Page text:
Skip to main content

Maimon (Fishman), Judah Leib


MAIMON (Fishman), JUDAH LEIB (1875–1962), rabbi and leader of religious Zionism. Born in Marculeşti, Bessarabia, Maimon studied in Lithuanian yeshivot and, after being ordained, served as a preacher (Maggid meisharim) in Marculesti and in 1905–13 as rabbi in Ungeni. In 1900 he met Rabbi Isaac Jacob *Reines, founder of *Mizrachi, and afterward took an active part in the founding conference of Mizrachi, which was held in Vilna, and in its first world conference in Pressburg (Bratislava). Beginning with the Second Zionist Congress, he participated in all the subsequent Congresses and was for many years a member of the Zionist General Council. From 1935 he served as Mizrachi's representative on the Zionist Executive, was vice chairman of the Executive, and headed the Department for Artisans and Retail Business as well as the Department of Religious Affairs.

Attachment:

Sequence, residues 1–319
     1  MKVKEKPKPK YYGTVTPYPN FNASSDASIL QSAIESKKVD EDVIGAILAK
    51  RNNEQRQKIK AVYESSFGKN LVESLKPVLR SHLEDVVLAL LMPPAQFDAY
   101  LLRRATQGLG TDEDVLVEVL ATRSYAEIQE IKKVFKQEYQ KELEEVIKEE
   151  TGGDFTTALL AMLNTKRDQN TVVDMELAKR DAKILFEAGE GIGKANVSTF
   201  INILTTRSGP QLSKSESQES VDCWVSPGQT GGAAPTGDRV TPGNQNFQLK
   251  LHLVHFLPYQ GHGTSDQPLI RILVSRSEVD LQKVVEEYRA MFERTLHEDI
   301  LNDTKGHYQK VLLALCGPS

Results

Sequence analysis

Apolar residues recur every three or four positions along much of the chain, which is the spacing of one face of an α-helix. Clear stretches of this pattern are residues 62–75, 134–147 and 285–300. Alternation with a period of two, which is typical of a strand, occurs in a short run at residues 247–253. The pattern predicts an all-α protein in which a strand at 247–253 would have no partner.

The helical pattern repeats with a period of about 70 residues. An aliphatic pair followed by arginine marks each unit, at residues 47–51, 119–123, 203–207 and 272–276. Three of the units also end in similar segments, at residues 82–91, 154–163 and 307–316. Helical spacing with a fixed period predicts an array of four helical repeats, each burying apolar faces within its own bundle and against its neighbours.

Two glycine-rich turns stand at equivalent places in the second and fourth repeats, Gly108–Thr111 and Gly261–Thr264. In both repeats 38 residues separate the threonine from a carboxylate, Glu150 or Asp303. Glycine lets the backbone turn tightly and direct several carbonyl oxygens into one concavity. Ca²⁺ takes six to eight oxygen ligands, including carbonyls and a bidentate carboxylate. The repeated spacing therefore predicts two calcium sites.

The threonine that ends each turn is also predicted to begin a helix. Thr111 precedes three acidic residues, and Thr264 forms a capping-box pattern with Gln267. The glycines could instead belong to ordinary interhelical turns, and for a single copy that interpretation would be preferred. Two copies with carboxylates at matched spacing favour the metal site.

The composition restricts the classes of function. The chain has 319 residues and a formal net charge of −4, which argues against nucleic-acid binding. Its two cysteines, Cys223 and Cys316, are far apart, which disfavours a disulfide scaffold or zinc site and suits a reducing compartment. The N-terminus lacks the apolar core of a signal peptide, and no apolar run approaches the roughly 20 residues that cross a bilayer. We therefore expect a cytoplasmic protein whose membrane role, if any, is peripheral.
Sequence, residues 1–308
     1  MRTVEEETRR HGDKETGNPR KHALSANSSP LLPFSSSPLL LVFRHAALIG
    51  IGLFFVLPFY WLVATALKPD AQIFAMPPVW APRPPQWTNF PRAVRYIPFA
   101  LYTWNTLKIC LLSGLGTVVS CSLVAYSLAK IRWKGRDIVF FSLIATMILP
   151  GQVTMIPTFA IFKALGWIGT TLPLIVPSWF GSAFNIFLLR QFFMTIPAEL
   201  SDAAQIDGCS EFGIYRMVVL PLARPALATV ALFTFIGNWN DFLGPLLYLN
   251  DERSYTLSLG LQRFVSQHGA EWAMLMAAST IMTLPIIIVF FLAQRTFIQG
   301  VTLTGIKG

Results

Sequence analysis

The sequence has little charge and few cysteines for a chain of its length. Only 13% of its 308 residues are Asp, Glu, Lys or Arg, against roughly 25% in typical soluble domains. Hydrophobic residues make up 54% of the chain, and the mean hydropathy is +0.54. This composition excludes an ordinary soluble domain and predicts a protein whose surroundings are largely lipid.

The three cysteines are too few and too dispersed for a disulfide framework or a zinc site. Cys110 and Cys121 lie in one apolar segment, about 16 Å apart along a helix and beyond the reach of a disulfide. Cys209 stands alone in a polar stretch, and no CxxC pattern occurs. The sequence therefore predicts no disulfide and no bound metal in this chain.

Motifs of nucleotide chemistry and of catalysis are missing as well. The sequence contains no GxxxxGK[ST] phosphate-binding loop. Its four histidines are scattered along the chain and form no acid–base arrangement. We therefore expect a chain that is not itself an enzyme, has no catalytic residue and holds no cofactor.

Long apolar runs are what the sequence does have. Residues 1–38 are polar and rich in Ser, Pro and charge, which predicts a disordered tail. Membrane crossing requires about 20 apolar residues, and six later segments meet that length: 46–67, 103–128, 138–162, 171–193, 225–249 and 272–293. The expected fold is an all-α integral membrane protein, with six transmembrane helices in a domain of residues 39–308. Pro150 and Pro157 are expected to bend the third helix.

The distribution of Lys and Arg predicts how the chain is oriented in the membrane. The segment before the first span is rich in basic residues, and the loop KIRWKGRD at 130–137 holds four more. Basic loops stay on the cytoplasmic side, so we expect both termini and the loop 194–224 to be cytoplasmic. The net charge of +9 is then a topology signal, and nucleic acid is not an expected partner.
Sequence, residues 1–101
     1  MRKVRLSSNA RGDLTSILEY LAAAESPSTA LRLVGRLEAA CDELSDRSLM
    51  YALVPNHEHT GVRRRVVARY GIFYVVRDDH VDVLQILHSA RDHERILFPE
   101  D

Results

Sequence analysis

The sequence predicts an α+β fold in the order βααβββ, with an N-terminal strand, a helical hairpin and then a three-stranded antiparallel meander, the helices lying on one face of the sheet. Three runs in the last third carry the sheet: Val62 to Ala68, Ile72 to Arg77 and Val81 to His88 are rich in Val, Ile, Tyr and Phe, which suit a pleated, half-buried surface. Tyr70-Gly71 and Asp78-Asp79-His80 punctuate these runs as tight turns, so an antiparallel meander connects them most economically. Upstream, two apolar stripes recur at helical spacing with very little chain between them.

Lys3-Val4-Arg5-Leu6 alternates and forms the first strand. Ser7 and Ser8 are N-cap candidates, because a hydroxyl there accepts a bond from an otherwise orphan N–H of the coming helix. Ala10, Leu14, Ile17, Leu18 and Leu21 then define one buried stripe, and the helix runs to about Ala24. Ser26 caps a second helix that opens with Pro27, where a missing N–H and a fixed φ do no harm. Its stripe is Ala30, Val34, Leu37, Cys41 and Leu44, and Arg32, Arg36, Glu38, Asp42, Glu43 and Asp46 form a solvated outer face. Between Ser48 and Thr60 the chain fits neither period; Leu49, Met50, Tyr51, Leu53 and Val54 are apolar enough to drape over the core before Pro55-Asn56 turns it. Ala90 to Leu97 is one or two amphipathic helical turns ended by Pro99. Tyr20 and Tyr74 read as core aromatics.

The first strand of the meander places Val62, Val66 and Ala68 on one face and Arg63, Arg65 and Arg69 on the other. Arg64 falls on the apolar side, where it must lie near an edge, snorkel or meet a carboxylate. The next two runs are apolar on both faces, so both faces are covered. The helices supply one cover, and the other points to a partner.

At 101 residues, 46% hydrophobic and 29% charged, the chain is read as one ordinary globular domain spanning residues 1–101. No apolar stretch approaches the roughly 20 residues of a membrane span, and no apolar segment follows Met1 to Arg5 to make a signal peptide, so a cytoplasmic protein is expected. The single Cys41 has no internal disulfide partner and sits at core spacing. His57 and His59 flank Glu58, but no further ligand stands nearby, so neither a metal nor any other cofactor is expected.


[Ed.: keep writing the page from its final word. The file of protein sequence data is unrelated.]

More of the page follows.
Maimon settled in Ereẓ Israel in 1913 and was among the founders of the educational network of Mizrachi there. At the outbreak of World War i he was imprisoned and expelled by the Turkish authorities. He went to the United States, where he was active in the effort to strengthen Mizrachi and published hundreds of articles in the press. He returned on the first ship to reach the shores of Palestine after the war and met Rabbi *Kook, with whom he became very friendly. Together they established the chief rabbinate of Palestine, and Maimon formulated the rabbinate's constitution and organized its founding ceremony. In 1936 he established the Mosad ha-Rav Kook, which published hundreds of books. His private library contained over 40,000 volumes, among them many very rare books, first editions, incunabula, and the only extant copies of many important manuscripts.